GOOD THINGS COME TO THOSE WHO WAIT STORY AND PHOTO BY SARAH HALL No one had even looked at Duke for more than a year. The 3-year-old Rottweiler-shepherd mix had sat in the kennels at CNY Veterinary Services in Clay since he was 6 months old. His chances for adoption looked grim. Then Duke’s photo was featured on Facebook on a page dedicated to dogs like him who have spent months or even years in shelters. The Patience Project’s picture was shared on one page after another and ultimately made its way to Gerry Ioannone in Rochester. “My cousin forwarded his picture to me on Facebook,” he says. “I kept saying we were never getting another dog, because we’d just lost our other dog on May 6. But I kept coming back to that picture, because he reminded me of a dog we used to have.” Finally, Gerry agreed to go look at Duke, and he and his family made the drive out from Rochester to Clay. They spent a couple of hours getting to know Duke. “He was really funny,” explains Gerry, “very precocious. He wanted to constantly be petted and have his belly rubbed. Very sweet.” With that, any reservations Gerry might have had about getting another dog went out the window. On June 22, just two weeks after being featured by The Patience Project, volunteers drove Duke to his new home. After two-and-half years in a shelter, Duke now has a (human) bed to sleep in every night. The Patience Project founders Emily Doucet and Nastasha Faust hope Duke is just the first of many dogs to find a permanent home. “People don’t realize how many dogs are in a shelter,” says Emily. “Because [shelters] rotate who they give exposure to, some of those dogs might have been there months or even years. They just haven’t had time to promote them again. They kind of get forgotten. We wanted to bring attention to some of those dogs that have been overlooked time and time again.” Both Emily and Natasha regularly volunteer with Cuse Pit Crew, a local organization that advocates for pit bulls through humane education and community outreach. They also work with other area shelters. Natasha says 42


she was inspired to start the page after seeing how many dogs had been in shelters for weeks, months or years. “A lot of people aren’t aware that there’s so many, and a lot of people don’t know how many shelters there are,” she explains. “We wanted to get that out there.” Natasha went to Emily for help building the Facebook page and reaching out to the community. They launched the page on June 7, featuring Duke as their first dog. Since then, the page has garnered more than 1,700 likes and found a home for more than 20 dogs. At the moment, they’re only working with dogs, but they’re looking into the possibility of starting another page for cats. The site regularly features dogs from DeWitt Animal Hospital and Shelter, CNY SPCA, Humane CNY, CNY Veterinary Services, Wanderers Rest and Humane Society of Rome, though they’ve also showcased animals being sheltered at more faraway locations, like the Potsdam Humane Society, the Herkimer Humane Society and the Finger Lakes SPCA. “It’s notorious that black dogs, larger dogs, pit mixes, Rottweiler mixes, older dogs, they tend to sit in the shelter the longest,” says Emily. “We knew there was this whole population that people were reluctant to look at. When they come in they have an idea already in their head [of dogs they don’t want]. So we’re just trying to say, when you come in, these dog have all these great qualities, at least just go meet them. Maybe they’re not the dogs for you, but give them a shot. “We believe that there are enough homes out there,” concludes Emily. “It’s just that people don’t know that these dogs are there. And there are people that will [walk into a shelter and say], ‘I want the dog that’s been here the longest,’ or ‘I want the oldest dog.’ There are good people out there. We’re just trying to connect them with these good dogs.” For more information about The Patience Project or to see the dogs featured, visit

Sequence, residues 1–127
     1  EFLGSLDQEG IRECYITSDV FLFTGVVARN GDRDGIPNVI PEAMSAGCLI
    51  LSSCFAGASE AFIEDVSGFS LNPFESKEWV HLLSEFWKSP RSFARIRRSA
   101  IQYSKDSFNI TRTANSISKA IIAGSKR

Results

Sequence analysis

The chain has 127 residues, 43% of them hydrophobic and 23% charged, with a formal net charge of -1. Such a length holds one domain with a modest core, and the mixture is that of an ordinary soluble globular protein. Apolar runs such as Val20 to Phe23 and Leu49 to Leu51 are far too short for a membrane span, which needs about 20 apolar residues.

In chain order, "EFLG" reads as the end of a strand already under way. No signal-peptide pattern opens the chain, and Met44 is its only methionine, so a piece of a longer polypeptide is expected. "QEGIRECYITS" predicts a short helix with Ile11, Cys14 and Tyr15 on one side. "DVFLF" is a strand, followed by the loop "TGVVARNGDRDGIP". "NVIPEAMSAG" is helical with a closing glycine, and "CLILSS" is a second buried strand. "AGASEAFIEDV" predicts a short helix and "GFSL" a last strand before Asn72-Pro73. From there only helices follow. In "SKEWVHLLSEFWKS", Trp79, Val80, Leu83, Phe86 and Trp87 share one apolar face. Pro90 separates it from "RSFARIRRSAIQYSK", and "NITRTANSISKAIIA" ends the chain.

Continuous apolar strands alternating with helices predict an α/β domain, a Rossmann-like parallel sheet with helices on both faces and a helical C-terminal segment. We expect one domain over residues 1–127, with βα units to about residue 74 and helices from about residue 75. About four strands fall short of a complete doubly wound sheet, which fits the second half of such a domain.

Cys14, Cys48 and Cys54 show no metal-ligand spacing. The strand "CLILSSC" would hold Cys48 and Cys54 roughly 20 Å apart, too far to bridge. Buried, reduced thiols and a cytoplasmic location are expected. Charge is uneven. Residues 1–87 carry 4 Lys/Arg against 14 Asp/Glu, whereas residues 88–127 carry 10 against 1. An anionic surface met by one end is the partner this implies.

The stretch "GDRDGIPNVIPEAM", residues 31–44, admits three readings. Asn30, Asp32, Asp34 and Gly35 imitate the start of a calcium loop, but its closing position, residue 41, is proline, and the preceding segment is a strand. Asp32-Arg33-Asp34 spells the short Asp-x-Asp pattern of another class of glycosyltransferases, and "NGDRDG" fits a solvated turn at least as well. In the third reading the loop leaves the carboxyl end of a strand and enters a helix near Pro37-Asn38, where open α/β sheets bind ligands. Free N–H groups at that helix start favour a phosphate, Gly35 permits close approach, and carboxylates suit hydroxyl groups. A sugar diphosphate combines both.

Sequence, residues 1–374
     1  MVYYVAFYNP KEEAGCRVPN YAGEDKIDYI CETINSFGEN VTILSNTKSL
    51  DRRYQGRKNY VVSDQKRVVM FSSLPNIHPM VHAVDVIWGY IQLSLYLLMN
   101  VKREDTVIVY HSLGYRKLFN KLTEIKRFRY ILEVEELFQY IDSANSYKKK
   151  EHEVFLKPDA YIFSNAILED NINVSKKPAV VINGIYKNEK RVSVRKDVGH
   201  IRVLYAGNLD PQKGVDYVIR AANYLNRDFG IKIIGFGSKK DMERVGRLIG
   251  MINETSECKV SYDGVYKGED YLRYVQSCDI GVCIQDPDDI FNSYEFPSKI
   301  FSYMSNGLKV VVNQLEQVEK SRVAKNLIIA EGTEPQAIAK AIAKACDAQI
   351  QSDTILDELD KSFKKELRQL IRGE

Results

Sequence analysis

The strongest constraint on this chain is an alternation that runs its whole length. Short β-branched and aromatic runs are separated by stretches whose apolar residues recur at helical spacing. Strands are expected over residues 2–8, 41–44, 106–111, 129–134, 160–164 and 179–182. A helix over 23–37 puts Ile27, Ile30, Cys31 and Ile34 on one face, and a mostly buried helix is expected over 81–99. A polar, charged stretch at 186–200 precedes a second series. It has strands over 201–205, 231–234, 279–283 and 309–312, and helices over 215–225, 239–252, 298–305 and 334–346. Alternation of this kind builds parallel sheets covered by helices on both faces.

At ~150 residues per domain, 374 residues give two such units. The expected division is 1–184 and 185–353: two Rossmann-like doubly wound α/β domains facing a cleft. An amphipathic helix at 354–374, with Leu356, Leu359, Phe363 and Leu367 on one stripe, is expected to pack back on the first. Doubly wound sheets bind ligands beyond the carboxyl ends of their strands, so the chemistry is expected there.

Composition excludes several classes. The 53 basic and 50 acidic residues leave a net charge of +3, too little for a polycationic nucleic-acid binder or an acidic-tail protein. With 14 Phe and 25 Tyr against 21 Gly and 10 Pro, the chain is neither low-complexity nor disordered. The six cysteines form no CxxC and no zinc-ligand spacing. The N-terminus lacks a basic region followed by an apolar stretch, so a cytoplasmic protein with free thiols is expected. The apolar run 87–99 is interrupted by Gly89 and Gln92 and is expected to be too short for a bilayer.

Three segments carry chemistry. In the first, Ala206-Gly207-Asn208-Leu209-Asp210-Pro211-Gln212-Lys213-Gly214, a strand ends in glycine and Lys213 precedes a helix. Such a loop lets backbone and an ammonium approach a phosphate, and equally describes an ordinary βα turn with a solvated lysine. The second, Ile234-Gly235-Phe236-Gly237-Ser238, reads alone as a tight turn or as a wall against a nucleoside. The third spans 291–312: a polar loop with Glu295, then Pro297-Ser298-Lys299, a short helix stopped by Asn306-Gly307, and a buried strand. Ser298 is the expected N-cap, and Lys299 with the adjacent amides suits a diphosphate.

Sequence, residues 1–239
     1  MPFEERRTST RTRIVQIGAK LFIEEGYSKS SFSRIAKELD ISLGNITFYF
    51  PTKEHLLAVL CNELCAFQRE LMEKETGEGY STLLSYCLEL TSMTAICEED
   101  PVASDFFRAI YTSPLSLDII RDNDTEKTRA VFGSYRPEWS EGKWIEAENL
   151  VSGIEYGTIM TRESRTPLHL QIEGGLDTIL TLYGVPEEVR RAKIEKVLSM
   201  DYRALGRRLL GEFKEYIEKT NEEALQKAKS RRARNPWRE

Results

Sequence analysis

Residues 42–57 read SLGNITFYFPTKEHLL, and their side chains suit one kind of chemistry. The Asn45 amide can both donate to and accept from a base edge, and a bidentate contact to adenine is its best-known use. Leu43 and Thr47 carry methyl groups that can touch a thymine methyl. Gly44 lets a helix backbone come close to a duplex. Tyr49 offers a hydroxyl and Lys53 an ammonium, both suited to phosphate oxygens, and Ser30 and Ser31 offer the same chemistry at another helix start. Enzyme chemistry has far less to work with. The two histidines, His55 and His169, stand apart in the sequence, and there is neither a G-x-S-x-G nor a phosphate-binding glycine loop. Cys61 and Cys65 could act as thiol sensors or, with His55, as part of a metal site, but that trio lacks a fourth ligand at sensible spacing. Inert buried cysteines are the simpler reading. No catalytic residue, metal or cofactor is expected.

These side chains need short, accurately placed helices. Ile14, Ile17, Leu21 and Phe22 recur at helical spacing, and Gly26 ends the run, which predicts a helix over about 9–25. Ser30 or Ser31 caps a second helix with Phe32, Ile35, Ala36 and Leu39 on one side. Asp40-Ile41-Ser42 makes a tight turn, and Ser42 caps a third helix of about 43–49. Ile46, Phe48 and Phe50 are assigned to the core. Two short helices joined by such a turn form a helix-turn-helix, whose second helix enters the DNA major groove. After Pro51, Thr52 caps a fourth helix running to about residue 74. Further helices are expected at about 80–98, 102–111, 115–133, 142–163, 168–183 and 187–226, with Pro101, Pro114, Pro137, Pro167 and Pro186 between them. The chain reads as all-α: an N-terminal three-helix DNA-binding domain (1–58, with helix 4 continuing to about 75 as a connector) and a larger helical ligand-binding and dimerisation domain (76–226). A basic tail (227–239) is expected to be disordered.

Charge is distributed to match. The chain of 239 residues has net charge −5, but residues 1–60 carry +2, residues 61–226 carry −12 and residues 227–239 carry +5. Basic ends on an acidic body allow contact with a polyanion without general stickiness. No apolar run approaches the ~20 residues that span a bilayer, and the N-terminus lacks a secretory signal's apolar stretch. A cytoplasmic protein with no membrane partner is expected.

wonder woman ::MODERN DAY

The Importance of


wonder woman



BY JILL BURRESS I PHOTO BY Step outside and smell that crisp air and those falling leaves? Take a moment to let that rejuvenating feeling sink in because it won’t last long. The holidays are almost here! Our family went to an ice cream store a couple months ago and behind the store was a giant hill. Do you remember when you were a kid and you rolled head over heels down a hill? Well, that’s exactly what we did, so this feeling of chin tucked rolling midway down the hill with a “no turning back now” feeling is very fresh in my mind. When I think of the holiday season and Christmas, it feels like it’s approaching so quickly just as if I were head over feet rolling to the bottom of that hill! Can any of you relate to that lingering sensation of dizziness as your head spins through the holiday season? Well, ladies, we are tumbling head over heels into the holiday season and there’s no stopping it! By the time we know it the tree will be up and silver bells will be ringing! But wait, don’t rush past the one time of the year we celebrate a very important holiday to be thankful for what we have: THANKSGIVING! Here at Syracuse Woman Magazine, we just recognized Breast Cancer Awareness Month in our October issue. It got me thinking that with the disease of cancer or any terminal disease for that matter, I’m grateful for support groups and for friendships. For those who give of their time to help others because they want to show love and support. I’m thankful we don’t have to face life’s hardships alone. The holiday season can be very difficult for some people in more ways than finding that perfect gift. Some find it a very lonely time of year. I’ve heard someone say that there can be 20 people sitting at the dinner table at Thanksgiving and “I feel so alone.” If that is you, let me encourage you with this: We were not designed to go through life alone. Solomon once said, “Two are better than one because a good return comes when two work together. If one of them falls, the other can help him up. But who will help the pitiful person who falls down alone?” Let me sum this up…there are people who love you and want to do life with you! God is saying many things in this passage to encourage us to be relational. He is expressing the innate need for us to be surrounded by people who love us and support us. We need to be actively seeking relationships with others, but how? In all the busyness of life, how do we truly find time to enjoy real friendships? There are opportunities all around us, we just need to find